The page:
By Justin Sutton
VP, Brand Leadership
Forgive me while I relive Steven Spielberg’s 2002 hit, Minority Report, for a minute—the part that involves a futuristic Washington, D.C., efficiently run with self-driving cars, retina scan identification technology, and hyper-tailored advertising bombarding commuters at every turn.
Remember how Tom Cruise’s protagonist character, John Anderton, received timely messages from what were presumably his most frequently used and most trusted brands: Lexus, Guinness, American Express, Bulgari—creepy idea, huh? Maybe. In 2002, the year 2054 certainly felt like a distant reality. But how far removed from that scenario are we today?
With our personal and behavioral data collected at an increasingly rapid pace every day, machine-learning predicting our behaviors with greater precision despite fewer inputs, and technology designed to integrate into our lives more seamlessly than ever, this could very well be the golden age of trust between brands and consumers.
Yet, despite all our advances in data and technology, trust in brands and the way our data is being used has never been lower. According to eMarketer, 2019 is the first year on record with digital ad spending surpassing traditional ad spending. The result? Social media brands, the very media channels with steady 30%+ annual revenue growth rates over the past five years, have become some of the least trusted companies in the world.
2016 showed us all we needed to know about how powerful the nefarious use of our personal data can be to affect the world in massive ways. Cambridge Analytica, the now notorious data analytics firm in London, admitted to placing thousands of Facebook ads spreading misinformation to influence the U.S. Presidential election and the Brexit referendum in the United Kingdom. Following those decisions, Brittany Kaiser, former business development director for Cambridge Analytica, explained to the British Parliament that the targeting capability they deployed was considered so powerful by the British Government, that, for years, it had been categorized as an actual weapon!
Just this month, Elizabeth Warren’s presidential campaign took a bold move to challenge Facebook’s advertising policies. The campaign placed a “fake fake ad” on the platform, claiming Mark Zuckerberg was officially working for the Trump campaign, and calling on Facebook to adhere to a higher standard for the ads placed on their platform.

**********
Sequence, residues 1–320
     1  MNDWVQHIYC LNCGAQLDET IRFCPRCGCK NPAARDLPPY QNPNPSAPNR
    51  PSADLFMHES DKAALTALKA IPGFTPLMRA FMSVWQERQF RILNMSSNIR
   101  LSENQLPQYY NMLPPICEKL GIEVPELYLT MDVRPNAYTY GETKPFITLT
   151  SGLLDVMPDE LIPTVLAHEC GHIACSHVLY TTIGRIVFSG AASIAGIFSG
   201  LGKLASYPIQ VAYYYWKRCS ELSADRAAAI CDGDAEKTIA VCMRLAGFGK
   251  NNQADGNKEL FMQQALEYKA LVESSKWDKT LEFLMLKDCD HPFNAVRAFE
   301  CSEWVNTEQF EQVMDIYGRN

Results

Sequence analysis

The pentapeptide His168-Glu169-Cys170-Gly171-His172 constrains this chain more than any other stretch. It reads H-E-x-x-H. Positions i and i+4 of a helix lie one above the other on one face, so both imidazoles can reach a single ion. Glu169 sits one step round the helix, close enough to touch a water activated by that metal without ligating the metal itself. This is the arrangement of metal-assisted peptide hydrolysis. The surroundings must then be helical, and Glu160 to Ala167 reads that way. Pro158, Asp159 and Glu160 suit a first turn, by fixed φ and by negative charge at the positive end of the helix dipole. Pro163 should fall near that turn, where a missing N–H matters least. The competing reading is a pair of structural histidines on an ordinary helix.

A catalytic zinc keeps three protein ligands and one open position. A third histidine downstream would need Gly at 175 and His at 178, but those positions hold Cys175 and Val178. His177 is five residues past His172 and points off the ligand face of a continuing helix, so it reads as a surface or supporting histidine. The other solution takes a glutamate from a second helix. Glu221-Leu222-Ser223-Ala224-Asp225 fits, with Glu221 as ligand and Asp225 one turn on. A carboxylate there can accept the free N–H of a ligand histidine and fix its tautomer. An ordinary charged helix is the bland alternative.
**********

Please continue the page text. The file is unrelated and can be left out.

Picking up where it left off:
Consumers have arrived at their level of distrust for advertising and the brands behind them honestly.
Today’s business leaders must rebuild the trust of their consumers in audacious new ways—there’s never been a more important time for brands to establish a clearly defined purpose, demonstrate that purpose on a consistent basis, and embrace bold transparency to rebuild trust with today’s consumers.
Larry Fink, CEO of global investment firm BlackRock, is one of the people leading the charge. In his 2019 letter to investors, Fink laid out a renewed emphasis on purpose for his corporation. For BlackRock, purpose isn’t a fleeting, feel-good mission statement, but rather a strategy to build trust with their stakeholders and ultimately improve the health of their business. As Fink says, “Purpose is not a mere tagline or marketing campaign; it is a company’s fundamental reason for being – what it does every day to create value for its stakeholders. Purpose is not the sole pursuit of profits but the animating force for achieving them.”
Brands built for the future leverage data and technology to their full potential, connecting with consumers in meaningful modern ways, they must focus on establishing a foundational layer of trust. Doing so is no longer a generous action to check a box and make shareholders feel better about their company. In today’s world of misinformation and distrust, brand purpose is a sound business strategy resonating in a big way with the modern world. Likewise, as consumers continue to secure more control over their personal data, they can slowly begin to open themselves up to the brands they trust and value most.
Feb 21, 2020
Consumer Products, Media, More, Retail
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